Cropmarks show as differential growth in arable crops caused by the presence of sub-surface archaeological
features. They are most easily visible from the air, and aerial photography has recorded many thousands. Sometimes
they are so clear that they can be seen from the ground or from high buildings or hillsides.
Soil in a buried ditch or pit is still likely to hold some moisture even though it is now beneath a layer of
uniform ploughsoil. When crops such as barley or wheat grow, their roots find this moisture. Those stalks that are
rooted in this moisture-holding soil grow slightly quicker and taller than the rest of the crop. Sunlight,
particularly early or late in the day when the sun is low in the sky, can cast a very clear shadow over the
different crop heights, revealing the shape and size of the buried archaeological features. Sometimes cropmarks
extend over many square miles and whole multi-period landscapes of super-imposed features ('palimpsests') are
visible. Archaeological cropmarks should not be confused with 'crop circles' which are a modern, created
phenomenon (whatever the identity of their creators!).
Aerial photography can record cropmarks, and their 'mirror image', parch-marks very effectively. Using manual or
computer methods, the photographed evidence can be 'rectified' (meaning that any distortion in shape caused by the
angle of photography is removed) and the result plotted on a base-map. Good cropmarks depend on the amount of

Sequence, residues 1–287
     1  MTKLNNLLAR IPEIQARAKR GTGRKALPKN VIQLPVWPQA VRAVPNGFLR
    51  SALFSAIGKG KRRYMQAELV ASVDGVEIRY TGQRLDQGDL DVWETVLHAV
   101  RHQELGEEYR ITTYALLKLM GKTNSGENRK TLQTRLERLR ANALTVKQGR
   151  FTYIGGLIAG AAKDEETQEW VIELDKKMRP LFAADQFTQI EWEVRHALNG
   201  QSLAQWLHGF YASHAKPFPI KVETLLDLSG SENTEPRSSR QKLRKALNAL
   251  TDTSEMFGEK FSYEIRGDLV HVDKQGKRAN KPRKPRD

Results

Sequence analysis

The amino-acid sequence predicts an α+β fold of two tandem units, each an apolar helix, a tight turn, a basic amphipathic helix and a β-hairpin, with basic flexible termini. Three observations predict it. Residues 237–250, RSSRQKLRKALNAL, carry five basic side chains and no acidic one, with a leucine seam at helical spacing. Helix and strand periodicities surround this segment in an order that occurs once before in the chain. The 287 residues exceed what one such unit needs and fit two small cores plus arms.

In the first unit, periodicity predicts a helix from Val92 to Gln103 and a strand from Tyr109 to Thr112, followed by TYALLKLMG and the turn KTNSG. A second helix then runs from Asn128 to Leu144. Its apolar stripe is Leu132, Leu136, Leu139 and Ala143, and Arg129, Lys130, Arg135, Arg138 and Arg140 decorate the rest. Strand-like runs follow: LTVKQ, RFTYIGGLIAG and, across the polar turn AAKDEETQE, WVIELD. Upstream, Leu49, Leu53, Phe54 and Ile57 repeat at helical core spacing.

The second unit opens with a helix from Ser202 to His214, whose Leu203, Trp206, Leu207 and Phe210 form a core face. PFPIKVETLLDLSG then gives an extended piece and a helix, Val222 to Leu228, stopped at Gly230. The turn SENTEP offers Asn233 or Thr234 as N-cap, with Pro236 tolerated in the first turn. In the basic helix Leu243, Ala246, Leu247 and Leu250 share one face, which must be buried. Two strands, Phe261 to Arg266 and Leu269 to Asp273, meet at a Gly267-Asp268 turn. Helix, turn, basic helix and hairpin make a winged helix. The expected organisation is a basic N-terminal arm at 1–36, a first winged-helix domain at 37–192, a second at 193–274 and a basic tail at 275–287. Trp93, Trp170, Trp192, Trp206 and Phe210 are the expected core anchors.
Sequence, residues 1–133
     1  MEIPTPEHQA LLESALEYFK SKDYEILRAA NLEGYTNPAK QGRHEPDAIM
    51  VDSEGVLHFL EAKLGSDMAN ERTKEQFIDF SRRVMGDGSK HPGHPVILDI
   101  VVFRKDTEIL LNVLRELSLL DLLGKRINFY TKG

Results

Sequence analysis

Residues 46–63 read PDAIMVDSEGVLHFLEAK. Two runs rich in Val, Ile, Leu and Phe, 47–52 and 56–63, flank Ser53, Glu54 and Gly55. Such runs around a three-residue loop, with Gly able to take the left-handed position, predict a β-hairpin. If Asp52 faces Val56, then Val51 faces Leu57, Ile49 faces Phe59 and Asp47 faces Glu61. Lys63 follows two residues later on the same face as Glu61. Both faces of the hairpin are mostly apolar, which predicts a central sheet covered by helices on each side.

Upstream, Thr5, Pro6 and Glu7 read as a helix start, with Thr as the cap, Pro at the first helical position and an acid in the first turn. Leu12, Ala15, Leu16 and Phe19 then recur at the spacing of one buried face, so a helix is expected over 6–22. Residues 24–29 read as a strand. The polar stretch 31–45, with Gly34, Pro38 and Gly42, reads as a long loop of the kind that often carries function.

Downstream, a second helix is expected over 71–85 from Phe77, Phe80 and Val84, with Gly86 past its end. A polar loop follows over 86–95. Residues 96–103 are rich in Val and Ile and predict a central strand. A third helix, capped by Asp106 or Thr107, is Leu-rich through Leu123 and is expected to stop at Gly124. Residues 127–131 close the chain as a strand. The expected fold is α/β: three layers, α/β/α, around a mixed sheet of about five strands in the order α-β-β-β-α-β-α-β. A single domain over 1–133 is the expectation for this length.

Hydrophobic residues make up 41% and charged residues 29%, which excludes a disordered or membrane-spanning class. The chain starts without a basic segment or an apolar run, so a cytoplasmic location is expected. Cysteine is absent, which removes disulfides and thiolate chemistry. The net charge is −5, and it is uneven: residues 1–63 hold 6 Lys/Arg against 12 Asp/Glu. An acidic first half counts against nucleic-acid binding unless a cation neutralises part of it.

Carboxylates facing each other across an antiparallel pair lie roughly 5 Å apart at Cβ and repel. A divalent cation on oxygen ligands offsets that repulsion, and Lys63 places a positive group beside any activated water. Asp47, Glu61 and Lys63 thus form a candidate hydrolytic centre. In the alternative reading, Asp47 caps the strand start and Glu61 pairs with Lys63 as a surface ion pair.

contrast between moisture present in archaeological features and within the rest of the soil. Where the soil is
generally wet throughout, they do not show up well. But where the rest of the soil is dry, the effect can be
dramatic. For this reason, very dry summers are often the best time to see cropmarks: the summers of 1975-76 and
1994-95 were particularly good in Britain. Because cropmarks tend to show up differently each year, repeated
photography is good practice.
Some crops (e.g. wheat and oats) are particularly sensitive to soil water content and show marks clearly but others
(e.g. grass and potatoes) are insensitive and rarely show them. Additionally, well-drained soils (such as sands and
chalky soils) show these marks better than poorly drained clays. Much of NE England is under permanent pasture or
lies on clay soils so cropmarks generally show up less well in this area than in some other parts of the country.
Return to Aerial Photography.
- D.N. Riley Air Photography and Archaeology (Duckworth, London, 1987)
- D.R. Wilson, Air Photo Interpretation for Archaeologists, Batsford, London, 1982, 2nd Edition Tempus, Stroud 2000.